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December 23, 2002

M$oft Loses in Court over Java

In a private antitrust decision, Microsoft was ordered to carry Java as part of its operating system, a major technology victory for consumers.

Why is this important? Because Java is designed to be a language that runs the same on any computer, so it has the potential to make what operating you use irrelevant. And that would mean that Microsoft would lose its ability to lock in customers based on their need to run old programs that won't work on competing operating systems.

Microsoft was almost bound to lose this case. Last year when the DC Appeals Court overturned the breakup penalty on the company, it still went out of its way to condemn Microsoft for its monopoly practices. And one of the prime examples the Appeals Judges cited was Microsoft's assaults on the competitive challenge of Java. Microsoft had deliberately tried to undermine this cross-platform nature of Java by creating its own distorted version. The Court cited a document by Microsoft that outlined its strategy: "Kill cross-platform Java by grow[ing] the polluted Java market." As I noted in an analysis for my old organization, NetAction, at the time:

Give the Microsoft folks credit for honesty--they referred to their own product as "polluted." But such anti-competitive "pollution," declared the Court, is not about technological superiority but about deceit and illegal and anti-competitive destruction of standards that would otherwise benefit consumers through increasing the compatibility of different software products and hardware.

Beyond anti-competitive deals and deceit, the Appeals Court accused Microsoft of undermining Java and innovation through straight-up intimidation and threats. Back in 1995, Intel was in the process of developing a high-performance Windows-compatible computer chip that would make the original Java standards run extremely fast and efficiently. Microsoft warned Intel that unless it abandoned those efforts, Microsoft might work with rival chip makers to hurt Intel. The Appeals Court dismissed Microsoft's legal defenses on this point, which was that the company was trying to "lamely characterizes its threat to Intel as 'advice.'" But the Court noted that giving advice "to Intel to stop aiding cross-platform Java was backed by the threat of retaliation" which thereby stifled innovation by Intel.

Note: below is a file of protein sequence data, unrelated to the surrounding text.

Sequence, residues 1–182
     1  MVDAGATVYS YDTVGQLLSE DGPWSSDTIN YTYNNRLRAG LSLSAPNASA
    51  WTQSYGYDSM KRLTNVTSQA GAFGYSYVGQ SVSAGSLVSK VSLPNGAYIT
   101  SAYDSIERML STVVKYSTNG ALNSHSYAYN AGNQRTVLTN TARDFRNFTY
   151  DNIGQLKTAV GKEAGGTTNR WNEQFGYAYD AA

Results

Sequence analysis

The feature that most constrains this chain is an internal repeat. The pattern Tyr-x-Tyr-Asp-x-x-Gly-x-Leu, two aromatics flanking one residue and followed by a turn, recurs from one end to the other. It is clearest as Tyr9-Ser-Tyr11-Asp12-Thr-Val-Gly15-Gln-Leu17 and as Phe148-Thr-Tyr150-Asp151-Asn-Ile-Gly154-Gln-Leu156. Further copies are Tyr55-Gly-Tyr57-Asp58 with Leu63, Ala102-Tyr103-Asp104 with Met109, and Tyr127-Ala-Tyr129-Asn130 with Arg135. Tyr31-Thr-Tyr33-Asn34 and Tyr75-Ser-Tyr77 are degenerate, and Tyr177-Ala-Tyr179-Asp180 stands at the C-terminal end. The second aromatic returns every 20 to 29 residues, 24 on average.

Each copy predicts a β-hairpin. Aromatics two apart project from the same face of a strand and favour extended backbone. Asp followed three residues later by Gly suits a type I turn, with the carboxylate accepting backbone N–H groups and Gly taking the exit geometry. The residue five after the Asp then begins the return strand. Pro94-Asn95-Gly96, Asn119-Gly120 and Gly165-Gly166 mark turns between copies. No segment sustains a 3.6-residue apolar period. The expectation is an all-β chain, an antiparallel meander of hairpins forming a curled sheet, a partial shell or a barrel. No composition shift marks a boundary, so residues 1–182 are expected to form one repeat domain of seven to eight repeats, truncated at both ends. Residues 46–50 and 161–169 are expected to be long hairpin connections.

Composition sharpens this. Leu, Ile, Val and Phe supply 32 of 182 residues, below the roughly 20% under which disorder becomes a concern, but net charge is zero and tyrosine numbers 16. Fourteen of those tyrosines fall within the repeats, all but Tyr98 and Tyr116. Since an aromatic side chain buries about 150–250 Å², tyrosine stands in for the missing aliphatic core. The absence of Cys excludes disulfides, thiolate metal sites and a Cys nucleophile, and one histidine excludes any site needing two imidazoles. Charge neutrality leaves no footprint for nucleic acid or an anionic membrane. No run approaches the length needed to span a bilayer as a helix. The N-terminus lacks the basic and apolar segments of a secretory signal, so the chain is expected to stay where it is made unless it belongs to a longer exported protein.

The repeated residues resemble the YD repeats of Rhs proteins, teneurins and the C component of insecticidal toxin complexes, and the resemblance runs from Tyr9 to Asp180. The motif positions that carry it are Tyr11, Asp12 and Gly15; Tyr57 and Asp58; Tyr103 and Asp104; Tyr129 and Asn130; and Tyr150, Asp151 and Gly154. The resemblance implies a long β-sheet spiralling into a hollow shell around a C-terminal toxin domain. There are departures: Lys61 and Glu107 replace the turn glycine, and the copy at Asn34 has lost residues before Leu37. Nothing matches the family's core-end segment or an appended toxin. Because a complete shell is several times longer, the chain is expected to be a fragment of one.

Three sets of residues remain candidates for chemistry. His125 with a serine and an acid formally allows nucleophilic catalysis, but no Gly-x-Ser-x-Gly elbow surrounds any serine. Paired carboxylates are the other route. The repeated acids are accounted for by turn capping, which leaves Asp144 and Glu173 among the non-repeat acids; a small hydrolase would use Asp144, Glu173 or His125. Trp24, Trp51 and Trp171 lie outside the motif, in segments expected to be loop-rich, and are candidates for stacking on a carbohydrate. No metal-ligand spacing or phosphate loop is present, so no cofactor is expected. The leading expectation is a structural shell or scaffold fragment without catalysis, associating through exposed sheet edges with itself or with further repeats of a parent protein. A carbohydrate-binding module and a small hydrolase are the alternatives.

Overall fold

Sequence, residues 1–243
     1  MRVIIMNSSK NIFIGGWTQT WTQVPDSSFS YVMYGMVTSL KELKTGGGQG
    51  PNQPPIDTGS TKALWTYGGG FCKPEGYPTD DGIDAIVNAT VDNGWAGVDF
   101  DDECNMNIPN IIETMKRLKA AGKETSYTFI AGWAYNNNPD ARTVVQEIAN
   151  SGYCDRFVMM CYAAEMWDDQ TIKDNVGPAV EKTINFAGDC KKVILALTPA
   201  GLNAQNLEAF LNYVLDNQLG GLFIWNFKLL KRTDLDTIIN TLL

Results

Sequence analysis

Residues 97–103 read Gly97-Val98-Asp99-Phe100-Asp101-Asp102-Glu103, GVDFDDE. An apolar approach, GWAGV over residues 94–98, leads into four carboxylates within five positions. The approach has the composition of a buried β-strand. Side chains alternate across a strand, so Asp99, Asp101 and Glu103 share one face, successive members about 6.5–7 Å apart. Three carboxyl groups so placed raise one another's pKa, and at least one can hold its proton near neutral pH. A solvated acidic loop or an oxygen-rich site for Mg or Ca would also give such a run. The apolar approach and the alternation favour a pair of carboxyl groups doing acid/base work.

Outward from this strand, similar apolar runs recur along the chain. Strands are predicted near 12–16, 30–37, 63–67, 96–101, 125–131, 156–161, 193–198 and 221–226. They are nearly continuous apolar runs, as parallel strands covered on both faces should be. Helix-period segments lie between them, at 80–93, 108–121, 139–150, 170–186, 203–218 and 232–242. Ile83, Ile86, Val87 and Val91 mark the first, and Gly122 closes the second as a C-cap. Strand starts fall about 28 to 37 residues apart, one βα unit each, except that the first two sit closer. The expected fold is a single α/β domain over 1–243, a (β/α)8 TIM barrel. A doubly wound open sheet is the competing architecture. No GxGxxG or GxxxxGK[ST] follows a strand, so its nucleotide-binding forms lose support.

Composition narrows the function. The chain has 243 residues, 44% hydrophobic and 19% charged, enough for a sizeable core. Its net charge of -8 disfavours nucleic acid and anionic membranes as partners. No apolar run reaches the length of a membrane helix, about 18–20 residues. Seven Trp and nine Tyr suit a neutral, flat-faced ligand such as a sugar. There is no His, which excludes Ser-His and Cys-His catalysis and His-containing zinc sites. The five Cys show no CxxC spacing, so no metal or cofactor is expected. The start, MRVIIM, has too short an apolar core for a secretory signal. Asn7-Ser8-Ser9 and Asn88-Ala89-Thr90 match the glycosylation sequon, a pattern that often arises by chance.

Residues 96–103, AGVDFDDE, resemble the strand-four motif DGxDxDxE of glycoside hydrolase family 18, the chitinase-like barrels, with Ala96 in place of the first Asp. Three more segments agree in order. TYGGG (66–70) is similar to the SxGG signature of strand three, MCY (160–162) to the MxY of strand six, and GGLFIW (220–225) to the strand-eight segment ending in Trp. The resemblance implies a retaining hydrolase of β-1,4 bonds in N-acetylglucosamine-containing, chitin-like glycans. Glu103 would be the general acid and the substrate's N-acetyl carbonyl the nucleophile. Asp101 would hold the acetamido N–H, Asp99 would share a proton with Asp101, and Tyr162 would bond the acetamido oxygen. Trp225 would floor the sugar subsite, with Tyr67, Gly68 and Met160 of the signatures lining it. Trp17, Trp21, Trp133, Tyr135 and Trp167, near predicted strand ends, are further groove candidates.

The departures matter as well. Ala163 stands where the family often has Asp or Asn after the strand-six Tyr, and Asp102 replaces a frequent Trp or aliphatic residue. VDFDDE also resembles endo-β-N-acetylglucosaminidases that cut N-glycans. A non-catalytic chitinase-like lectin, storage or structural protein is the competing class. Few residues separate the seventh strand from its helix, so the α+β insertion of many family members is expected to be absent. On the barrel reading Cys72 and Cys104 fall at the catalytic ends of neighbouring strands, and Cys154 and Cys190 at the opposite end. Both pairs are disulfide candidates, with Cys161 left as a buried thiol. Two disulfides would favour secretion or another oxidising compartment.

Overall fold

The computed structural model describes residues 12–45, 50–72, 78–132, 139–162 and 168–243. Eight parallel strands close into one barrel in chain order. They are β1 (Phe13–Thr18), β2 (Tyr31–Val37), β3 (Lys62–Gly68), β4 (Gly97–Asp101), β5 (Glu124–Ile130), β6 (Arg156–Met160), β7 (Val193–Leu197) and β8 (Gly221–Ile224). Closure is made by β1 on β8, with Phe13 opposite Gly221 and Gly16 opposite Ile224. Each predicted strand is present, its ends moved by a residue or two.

This loss of innovation due to Microsoft power is the point I always emphasize to people trying to understand what was at stake in the antitrust campaign against the company. Back when many of us began the campaign against Microsoft, a lot of folks were still buying the idea that corporations didn't need policing by either securities regulators or antitrust courts. The financial costs of the dotcom bubble and untrammelled arrogance by corporate titans has been the most obvious lesson.

But there was also the more subtle but potentially more devastating loss of innovation and creativity as business manipulators like Bill Gates, using the fat profits of the era, were able to win out for control versus legitimate technological innovators. This latest ruling against Microsoft over its illegal attempts to undermine Java's potential is a good reminder of that loss during that period.

Posted by Nathan at December 23, 2002 11:41 PM

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